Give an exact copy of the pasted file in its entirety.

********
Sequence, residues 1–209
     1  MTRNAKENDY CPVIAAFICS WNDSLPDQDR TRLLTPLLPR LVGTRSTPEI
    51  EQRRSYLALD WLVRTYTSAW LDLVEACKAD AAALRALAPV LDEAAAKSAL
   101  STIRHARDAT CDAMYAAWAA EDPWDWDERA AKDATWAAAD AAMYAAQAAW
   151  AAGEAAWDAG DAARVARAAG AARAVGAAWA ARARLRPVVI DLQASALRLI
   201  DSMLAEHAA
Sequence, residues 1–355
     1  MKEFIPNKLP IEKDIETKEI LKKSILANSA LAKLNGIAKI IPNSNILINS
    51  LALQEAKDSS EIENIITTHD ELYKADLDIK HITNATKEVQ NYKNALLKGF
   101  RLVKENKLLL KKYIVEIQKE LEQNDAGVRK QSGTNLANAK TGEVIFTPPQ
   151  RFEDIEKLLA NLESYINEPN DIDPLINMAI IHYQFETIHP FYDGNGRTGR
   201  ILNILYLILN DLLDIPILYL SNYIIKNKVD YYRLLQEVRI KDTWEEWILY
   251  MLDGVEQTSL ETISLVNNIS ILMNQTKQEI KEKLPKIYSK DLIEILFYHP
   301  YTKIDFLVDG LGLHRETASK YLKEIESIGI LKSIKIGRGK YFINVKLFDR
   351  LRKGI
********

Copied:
Sequence, residues 1–209
     1  MTRNAKENDY CPVIAAFICS WNDSLPDQDR TRLLTPLLPR LVGTRSTPEI
    51  EQRRSYLALD WLVRTYTSAW LDLVEACKAD AAALRALAPV LDEAAAKSAL
   101  STIRHARDAT CDAMYAAWAA EDPWDWDERA AKDATWAAAD AAMYAAQAAW
   151  AAGEAAWDAG DAARVARAAG AARAVGAAWA ARARLRPVVI DLQASALRLI
   201  DSMLAEHAA
Sequence, residues 1–355
     1  MKEFIPNKLP IEKDIETKEI LKKSILANSA LAKLNGIAKI IPNSNILINS
    51  LALQEAKDSS EIENIITTHD ELYKADLDIK HITNATKEVQ NYKNALLKGF
   101  RLVKENKLLL KKYIVEIQKE LEQNDAGVRK QSGTNLANAK TGEVIFTPPQ
   151  RFEDIEKLLA NLESYINEPN DIDPLINMAI IHYQFETIHP FYDGNGRTGR
   201  ILNILYLILN DLLDIPILYL SNYIIKNKVD YYRLLQEVRI KDTWEEWILY
   251  MLDGVEQTSL ETISLVNNIS ILMNQTKQEI KEKLPKIYSK DLIEILFYHP
   301  YTKIDFLVDG LGLHRETASK YLKEIESIGI LKSIKIGRGK YFINVKLFDR
   351  LRKGI